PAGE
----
Children’s Games by Peter Brueghel

Childrens Games by Peter Brueghel

The painting was written by Brueghel in 1560. Subjectively and compositionally, she is close to such works by Brueghel as “Proverbs” and “The Battle of the Carnival and Fasting”, created a year earlier. They are united by the colorful and multi-figure composition, aspiration to the extremely detailed, exhaustive coverage of the chosen theme. N. A. Gershenzon-Chegodaeva notes that all three works are of an emphatically didactic nature; their basis is “the theme of the madness of human existence in the conditions of an” inverted world. “

Sandra Hindman notes that the

tradition of depicting children’s games existed even before Brueghel, in the 15th century: this motif was often present on the fields of calendars and hour-books. It is very likely that Bruegel was familiar with such illustrations, but the spectrum of the games he portrays is much wider than that of his predecessors, and apparently has a slightly different symbolism.

The painting shows a city square; to the right of it the street goes to the depths, and on the left is a fragment of the landscape: several trees, a lawn and a small river. Everywhere we see groups of children engrossed in the game. Interestingly, different authors give different figures about their number: some indicate that the children in the picture are “over 230”, others – that they are “more than 250”. Jean-Pierre Vanden Branden in his work “Les Jeux d’enfants de Pierre Bruegel” refers to more specific figures: 168 boys and 78 girls. Different figures are given and relative to the number of games depicted by Brueghel: 83, 86, more than 90.

The participants in this mass stage are not united by any common action: they are divided into isolated groups that are indifferent to one another. Attention is drawn to the fact that there are very few children in Brueghel’s characters: they are portrayed rather like little adults. The idealization of childhood, which will become typical in the depiction of children in later centuries, was by no means practiced during the time of Brueghel: in childhood they saw only the stage of preparation for adulthood and were treated appropriately for children. The faces of children are devoid of individual characteristics and seem primitive and dull. No child smiles, their fun looks serious, focused.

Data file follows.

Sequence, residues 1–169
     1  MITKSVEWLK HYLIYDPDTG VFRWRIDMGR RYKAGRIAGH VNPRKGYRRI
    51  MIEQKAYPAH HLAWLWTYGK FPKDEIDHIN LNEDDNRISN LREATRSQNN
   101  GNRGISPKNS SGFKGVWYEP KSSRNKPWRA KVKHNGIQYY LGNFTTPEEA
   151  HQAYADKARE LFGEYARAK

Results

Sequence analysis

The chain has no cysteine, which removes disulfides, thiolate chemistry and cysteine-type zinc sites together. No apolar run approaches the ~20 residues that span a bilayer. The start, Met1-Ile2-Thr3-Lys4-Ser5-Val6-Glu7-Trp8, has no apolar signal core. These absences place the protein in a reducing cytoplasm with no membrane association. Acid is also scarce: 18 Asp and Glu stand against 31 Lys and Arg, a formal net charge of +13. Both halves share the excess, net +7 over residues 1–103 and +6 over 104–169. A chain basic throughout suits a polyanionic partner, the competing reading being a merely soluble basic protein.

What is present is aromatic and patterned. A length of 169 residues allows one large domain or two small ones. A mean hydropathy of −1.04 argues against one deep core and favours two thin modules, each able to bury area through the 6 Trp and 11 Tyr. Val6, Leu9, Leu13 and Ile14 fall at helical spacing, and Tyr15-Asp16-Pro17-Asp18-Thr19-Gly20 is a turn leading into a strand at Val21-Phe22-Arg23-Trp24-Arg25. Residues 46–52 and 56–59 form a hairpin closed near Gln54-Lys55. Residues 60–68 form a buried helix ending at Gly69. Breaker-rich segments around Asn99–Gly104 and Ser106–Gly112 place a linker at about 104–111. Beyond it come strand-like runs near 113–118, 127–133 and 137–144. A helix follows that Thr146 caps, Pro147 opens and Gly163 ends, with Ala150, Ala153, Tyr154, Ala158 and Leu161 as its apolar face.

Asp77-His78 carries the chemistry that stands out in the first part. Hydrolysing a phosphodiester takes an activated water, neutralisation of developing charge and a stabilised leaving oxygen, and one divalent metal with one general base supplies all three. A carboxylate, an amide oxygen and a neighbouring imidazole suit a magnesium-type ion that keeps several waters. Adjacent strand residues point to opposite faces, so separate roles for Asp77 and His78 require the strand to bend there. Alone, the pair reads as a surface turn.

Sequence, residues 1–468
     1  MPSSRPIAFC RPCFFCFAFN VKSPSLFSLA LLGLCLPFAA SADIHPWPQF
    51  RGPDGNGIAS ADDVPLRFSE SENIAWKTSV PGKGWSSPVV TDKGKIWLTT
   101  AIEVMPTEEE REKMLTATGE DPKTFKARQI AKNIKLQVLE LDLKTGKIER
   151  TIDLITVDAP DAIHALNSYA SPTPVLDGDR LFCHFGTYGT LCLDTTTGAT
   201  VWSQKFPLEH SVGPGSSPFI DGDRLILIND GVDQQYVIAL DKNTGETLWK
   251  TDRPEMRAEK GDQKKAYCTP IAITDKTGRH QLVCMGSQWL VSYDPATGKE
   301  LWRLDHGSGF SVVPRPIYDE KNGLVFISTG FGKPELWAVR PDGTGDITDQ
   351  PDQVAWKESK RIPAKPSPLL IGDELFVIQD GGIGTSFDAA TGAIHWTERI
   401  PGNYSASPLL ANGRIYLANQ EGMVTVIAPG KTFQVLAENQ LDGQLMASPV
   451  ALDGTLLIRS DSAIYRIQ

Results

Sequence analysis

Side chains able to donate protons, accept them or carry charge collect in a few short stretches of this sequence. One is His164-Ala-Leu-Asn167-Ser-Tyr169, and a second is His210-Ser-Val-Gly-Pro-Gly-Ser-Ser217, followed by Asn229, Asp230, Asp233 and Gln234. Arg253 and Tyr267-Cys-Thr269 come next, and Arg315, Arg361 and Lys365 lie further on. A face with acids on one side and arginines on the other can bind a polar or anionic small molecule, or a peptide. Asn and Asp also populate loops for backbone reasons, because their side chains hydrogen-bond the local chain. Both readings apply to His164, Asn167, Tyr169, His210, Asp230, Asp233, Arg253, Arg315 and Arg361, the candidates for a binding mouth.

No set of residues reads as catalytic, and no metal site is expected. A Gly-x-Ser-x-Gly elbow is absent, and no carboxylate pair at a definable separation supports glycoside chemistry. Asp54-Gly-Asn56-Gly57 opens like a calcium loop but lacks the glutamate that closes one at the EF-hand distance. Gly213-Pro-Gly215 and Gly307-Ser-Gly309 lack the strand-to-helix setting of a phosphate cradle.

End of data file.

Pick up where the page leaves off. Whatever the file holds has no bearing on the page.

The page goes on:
Since children are depicted so unusual for us, it is difficult to say whether there are adults in the picture. Many researchers believe that Bruegel portrayed exclusively the children’s world; others admit that there are several adults in the picture.

In the composition of the painting, attention is drawn to an unusually high horizon and a shifted perspective, directing the viewer’s view to the right and into the depths.

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